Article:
Focusing on Niches

Read this today's Wall Street Journal and had to share.  So who here is focusing on a niche market and how has your experience so far?  Feel free to comment below.

Financial Advisers Focus on Niches to Grow

More than half of advisers in a survey said they plan to add new niches as part of their growth strategy

More financial advisers plan to target new groups of potential clients this year.

According to a survey released Wednesday by TD Ameritrade Inc., 53% of advisers plan to add new niches this year as part of their growth strategy. When TD Ameritrade asked a similar question a year ago, only 31% of advisers planned to add a new niche in the following six months.

The company surveyed 302 independent registered investment advisers at firms managing an average of $265 million in client assets.

For advisers, targeting a particular group of clients can be “an enjoyable way to grow their practice,” says Vanessa Oligino, director, business performance solutions at the TD Ameritrade Institutional unit in Jersey City, N.J. For example, she knows of an adviser who played college-level hockey and who carved out a niche working with other former college hockey players. Not only did he become more passionate about his work, the focus also provided him with a steady stream of referrals, she says.

Stephen Wershing, president of a consulting and coaching firm for advisers in Rochester, N.Y., has seen an increase in advisers who want to focus on particular client groups.

Mr. Wershing says advisers who wish to do so should look through their client base for “themes.” For example, advisers will want to see if many clients work in a single profession or went to the same school. This will help the adviser identify niches they may already be working in, possibly without being aware of it.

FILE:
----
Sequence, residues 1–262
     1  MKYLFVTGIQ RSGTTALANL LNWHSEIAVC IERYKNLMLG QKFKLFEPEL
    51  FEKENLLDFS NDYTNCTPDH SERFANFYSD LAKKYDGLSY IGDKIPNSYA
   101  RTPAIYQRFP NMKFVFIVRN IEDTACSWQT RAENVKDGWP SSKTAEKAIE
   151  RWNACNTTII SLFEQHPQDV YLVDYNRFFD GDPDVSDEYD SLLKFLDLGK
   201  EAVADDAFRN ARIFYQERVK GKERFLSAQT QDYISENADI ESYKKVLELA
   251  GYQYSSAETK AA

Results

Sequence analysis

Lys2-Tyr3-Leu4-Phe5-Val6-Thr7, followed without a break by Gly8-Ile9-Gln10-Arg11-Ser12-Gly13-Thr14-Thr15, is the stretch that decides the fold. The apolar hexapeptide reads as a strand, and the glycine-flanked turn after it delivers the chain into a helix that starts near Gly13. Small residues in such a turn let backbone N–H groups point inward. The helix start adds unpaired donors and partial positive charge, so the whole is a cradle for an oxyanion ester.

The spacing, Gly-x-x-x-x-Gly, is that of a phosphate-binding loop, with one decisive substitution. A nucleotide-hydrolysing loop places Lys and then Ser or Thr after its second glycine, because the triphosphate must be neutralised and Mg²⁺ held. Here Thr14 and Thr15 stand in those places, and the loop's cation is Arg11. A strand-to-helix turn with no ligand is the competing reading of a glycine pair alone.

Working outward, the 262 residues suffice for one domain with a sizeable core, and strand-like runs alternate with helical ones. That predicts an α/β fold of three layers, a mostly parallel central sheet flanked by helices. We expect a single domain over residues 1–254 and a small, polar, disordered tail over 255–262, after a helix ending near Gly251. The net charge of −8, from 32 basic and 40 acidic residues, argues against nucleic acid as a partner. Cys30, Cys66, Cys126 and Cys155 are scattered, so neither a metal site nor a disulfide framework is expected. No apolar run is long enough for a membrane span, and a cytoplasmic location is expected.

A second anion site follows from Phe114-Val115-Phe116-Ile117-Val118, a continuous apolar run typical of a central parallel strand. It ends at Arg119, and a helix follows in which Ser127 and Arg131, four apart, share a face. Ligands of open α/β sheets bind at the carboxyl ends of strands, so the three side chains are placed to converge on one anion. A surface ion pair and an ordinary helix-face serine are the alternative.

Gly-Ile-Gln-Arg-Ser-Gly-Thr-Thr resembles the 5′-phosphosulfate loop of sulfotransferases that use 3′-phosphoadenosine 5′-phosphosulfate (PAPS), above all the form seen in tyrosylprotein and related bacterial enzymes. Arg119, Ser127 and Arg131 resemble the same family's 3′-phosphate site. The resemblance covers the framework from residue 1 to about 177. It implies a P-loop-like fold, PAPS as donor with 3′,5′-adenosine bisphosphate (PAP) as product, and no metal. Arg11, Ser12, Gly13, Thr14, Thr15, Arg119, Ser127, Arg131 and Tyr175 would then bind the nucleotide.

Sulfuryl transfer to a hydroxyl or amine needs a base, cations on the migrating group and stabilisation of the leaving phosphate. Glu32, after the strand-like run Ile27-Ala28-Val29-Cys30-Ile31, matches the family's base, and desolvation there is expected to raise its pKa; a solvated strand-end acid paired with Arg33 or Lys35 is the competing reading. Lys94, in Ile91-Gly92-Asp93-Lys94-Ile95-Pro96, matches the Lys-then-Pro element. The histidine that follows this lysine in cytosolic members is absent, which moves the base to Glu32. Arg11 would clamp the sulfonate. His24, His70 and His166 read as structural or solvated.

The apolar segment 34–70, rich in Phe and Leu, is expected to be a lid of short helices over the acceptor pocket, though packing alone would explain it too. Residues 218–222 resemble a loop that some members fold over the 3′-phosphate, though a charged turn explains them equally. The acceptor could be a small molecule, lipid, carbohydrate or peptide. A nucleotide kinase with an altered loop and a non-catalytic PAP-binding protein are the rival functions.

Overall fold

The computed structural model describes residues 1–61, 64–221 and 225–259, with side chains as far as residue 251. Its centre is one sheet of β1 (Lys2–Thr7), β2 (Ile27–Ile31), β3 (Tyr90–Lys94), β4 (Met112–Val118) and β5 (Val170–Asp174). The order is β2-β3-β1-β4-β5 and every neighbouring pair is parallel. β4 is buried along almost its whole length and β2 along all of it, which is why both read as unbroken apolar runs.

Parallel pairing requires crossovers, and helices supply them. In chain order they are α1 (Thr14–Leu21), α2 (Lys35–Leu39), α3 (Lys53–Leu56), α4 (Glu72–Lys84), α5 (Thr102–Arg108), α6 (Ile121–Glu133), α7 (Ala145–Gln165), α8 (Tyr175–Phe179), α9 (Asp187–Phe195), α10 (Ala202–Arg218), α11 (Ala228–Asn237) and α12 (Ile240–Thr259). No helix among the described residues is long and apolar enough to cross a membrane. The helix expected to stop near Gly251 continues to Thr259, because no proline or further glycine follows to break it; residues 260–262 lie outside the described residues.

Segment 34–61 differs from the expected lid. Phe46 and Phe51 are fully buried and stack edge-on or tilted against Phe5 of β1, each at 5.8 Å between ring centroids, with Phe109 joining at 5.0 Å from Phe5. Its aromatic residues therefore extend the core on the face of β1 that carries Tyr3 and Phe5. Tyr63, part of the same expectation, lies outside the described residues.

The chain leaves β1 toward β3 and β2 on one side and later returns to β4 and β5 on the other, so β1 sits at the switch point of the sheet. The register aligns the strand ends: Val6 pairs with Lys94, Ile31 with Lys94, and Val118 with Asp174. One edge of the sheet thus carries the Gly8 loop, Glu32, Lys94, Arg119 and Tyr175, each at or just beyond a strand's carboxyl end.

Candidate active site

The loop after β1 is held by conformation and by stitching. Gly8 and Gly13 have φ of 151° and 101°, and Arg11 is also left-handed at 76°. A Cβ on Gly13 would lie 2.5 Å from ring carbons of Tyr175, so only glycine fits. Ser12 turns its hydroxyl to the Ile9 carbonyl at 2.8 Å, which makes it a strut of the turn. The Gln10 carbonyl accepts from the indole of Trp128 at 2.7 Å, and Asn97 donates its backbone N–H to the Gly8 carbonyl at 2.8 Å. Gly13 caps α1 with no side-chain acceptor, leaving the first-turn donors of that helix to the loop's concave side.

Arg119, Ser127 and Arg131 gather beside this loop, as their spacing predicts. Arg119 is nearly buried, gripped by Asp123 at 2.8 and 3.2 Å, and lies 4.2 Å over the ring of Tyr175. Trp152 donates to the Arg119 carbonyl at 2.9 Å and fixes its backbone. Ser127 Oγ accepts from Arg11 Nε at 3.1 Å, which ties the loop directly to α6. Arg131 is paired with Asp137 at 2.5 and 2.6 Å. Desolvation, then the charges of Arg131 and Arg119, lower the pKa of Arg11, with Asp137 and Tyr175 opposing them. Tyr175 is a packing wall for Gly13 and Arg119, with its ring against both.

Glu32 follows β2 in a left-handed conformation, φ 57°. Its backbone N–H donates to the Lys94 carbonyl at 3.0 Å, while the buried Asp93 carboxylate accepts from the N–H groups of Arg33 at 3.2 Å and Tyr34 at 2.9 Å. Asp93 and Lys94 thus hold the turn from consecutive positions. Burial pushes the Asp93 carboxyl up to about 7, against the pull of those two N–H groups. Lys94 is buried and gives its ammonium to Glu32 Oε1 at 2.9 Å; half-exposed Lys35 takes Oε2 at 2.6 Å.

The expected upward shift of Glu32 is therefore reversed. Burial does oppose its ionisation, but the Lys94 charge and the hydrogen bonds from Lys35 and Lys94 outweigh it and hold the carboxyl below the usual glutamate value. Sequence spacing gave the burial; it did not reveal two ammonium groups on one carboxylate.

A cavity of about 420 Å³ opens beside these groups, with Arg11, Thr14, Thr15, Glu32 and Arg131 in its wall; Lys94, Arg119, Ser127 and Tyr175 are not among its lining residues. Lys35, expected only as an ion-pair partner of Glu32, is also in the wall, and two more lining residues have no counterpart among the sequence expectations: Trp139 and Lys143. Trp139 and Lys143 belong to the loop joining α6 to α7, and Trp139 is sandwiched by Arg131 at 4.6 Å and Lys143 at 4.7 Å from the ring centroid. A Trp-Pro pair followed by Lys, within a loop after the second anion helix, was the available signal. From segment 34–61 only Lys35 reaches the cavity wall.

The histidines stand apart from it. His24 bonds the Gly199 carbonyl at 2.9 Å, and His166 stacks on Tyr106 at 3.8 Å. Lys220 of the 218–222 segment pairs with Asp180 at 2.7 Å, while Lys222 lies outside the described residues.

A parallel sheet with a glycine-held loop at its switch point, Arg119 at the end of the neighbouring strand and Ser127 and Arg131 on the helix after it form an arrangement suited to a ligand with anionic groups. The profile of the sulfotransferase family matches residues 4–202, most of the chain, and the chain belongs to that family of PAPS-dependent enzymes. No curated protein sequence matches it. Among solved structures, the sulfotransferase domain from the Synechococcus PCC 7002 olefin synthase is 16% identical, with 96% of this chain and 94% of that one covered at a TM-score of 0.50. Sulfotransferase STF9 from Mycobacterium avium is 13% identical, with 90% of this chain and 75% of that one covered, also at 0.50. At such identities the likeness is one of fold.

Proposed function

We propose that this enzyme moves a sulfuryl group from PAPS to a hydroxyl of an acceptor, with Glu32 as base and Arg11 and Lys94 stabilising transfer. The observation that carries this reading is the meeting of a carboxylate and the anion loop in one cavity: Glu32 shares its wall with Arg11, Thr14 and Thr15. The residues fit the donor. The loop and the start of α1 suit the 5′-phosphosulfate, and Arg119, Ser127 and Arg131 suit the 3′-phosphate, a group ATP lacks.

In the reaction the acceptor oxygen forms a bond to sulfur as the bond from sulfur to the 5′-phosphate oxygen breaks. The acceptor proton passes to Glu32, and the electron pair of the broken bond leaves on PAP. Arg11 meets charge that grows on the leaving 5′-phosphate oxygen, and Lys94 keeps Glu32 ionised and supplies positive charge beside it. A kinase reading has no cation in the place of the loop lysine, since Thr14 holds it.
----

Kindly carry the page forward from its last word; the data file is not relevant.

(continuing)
Get as specific as possible when deciding on your niche, says Al Depman, a practice-management coach in Rochester, Minn. Instead of targeting doctors, narrow it down to pediatricians, for example. Each subgroup within a broader population is likely to have specific needs, he says. The better the adviser understands the needs of a smaller group, the better he or she can serve those clients and appeal to others in the same group.

Advisers will also want to consider the type of clients they like to help. If advisers enjoy the niche, they are more likely to be successful, Mr. Wershing says.

Don’t target a niche—say, widows—just because that group may be growing or is wealthy, says April Rudin, a branding consultant in New York who works with advisers.

She recently counseled two young female advisers to focus on young entrepreneurial women instead of older widows, as they had initially planned. “They knew nothing about widows, and widows wouldn’t have taken them seriously,” she says. It helps to focus on a cohort that the adviser is a part of, she says.

Taylor Schulte is a 30-year-old adviser who is doing just that.

He plans to target high-income young professionals in their 30s and 40s this year. The founder of Define Financial in San Diego says he is targeting this group in part to “inject youth” into his practice, which has a lot of retired clients.

Mr. Schulte felt this younger market wasn’t well served by the big brokerage firms. Plus, “I can relate to where these individuals are in their lives,” he says.

Source: The Wall Street Journal, Jan 13, 2016